The OED, s.v. 'origin', describes this as
the act or fact of beginning, or of springing from something; beginning of existence with reference to source or cause; rise or first manifestation
Under this same entry, 1b., the citations include the following from 1867: J. McCosh Method Divine Govt. (ed. 9) iii. ii. 377, 'The origin of evil, like every other beginning, shrouds itself in darkness'. Perhaps this 'darkness' about the origin of everything is most apt to discussions of textual genesis.
Seemingly conversely, though, the OED's meaning 2a, reveals 'origin' as
a. That from which anything originates, or is derived; source of being or existence; starting point. Now freq. in pl.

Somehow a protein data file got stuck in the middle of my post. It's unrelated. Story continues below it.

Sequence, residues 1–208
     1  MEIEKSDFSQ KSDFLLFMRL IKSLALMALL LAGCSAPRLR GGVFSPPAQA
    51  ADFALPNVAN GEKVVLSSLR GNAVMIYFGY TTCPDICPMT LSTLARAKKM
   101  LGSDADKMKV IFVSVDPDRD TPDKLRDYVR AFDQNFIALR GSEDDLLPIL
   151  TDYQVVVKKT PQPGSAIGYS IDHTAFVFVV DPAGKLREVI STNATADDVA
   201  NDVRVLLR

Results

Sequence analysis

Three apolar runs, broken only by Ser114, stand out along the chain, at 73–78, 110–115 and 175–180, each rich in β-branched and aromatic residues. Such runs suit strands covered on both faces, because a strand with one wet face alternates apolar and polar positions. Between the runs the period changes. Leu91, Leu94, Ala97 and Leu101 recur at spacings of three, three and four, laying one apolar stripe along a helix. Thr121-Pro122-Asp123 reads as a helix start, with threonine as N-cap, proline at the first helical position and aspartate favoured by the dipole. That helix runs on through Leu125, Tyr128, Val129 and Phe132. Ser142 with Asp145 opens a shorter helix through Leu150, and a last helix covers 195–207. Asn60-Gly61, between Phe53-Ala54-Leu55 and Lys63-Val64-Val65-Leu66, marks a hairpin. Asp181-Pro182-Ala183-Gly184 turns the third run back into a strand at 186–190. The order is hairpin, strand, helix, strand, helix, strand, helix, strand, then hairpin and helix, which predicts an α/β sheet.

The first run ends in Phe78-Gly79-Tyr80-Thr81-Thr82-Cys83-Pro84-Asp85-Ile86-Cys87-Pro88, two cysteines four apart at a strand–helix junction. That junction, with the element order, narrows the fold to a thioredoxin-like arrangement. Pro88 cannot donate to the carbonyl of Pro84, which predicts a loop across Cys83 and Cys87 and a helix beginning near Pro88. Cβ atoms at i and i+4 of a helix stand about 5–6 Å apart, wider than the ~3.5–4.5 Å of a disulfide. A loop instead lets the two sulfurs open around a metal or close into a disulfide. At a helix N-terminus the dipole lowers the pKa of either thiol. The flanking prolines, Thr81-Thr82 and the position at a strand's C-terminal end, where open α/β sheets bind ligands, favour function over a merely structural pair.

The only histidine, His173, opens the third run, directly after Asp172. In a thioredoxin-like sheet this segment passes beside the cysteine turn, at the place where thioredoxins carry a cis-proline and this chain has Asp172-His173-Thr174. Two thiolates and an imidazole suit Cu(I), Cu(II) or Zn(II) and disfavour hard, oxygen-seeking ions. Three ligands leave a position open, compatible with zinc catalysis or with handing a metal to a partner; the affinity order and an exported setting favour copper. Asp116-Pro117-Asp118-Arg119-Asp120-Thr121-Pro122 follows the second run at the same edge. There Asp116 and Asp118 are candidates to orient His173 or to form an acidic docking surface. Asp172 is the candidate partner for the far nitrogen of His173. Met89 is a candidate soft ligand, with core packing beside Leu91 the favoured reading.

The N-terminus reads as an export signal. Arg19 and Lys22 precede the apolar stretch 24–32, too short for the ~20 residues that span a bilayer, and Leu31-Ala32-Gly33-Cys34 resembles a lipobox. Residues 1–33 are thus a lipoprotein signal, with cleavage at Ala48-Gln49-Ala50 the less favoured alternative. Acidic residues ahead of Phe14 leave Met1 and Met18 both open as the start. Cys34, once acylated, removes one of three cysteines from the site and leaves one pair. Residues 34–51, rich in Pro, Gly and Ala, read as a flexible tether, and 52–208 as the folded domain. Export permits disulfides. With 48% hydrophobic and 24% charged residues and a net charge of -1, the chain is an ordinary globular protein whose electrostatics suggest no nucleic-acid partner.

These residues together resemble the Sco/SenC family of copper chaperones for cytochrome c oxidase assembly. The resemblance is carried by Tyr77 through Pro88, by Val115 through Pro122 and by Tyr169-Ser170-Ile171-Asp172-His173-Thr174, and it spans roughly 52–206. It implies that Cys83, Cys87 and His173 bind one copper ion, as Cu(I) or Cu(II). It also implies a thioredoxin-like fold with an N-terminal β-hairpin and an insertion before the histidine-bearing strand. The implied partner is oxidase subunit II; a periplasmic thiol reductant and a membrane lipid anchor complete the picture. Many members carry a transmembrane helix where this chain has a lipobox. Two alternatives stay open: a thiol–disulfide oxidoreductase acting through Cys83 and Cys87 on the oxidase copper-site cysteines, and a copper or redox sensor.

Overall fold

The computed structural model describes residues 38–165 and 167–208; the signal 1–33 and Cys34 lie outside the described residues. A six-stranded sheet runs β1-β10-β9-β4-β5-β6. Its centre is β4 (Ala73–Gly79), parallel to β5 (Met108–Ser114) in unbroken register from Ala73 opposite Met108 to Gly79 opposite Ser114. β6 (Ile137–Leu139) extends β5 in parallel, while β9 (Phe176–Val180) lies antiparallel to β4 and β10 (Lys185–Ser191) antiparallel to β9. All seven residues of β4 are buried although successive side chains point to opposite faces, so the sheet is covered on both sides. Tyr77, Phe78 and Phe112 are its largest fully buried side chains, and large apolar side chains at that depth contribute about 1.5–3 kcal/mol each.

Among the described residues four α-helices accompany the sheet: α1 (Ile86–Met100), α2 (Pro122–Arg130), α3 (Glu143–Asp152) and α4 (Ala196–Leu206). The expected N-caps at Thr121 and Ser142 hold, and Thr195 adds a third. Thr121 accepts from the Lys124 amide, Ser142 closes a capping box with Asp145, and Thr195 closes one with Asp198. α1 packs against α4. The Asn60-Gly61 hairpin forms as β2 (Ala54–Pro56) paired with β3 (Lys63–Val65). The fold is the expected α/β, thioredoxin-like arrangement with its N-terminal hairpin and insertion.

Trying to untangle these two proximate definitions of 'origin' is headache-inducing, and yet, in textual studies, the 'origin' can take on an, arguably, extraordinary and disproportionate significance. For textual critics, especially those trained in the classics or early literatures, determining the 'origin', the Ur-text, the fons is the goal of the editor. Interesting debates in the 1990s emerged among the traditional philologists (see, for example, the essays in D. G. Scragg and P. E. Szarmach, eds., Editing Old English [Brewer, 1994]) and the new philologists (P. Zumthor [Towards a Medieval Poetics], B. Cerquiglini [In Praise of the Variant] Stephen Nicholls [The New Philology]). The issue at stake was how to present the text. At the risk of oversimplifying complex arguments, it is the debate about whether to present a reconstructed, hypothetical proto-text that best illustrates the author's intended text (see the rationale of the Piers Plowman Project here: http://www3.iath.virginia.edu/seenet/piers/) or whether to privilege the variant, or at least given the variant its long overdue sustained consideration (also part of the remit of the Piers Plowman venture). For many editors, treading a via media between these seemed preferable; for others, the argument for presenting simulacra, perhaps with en-face transcription, was a key desideratum.
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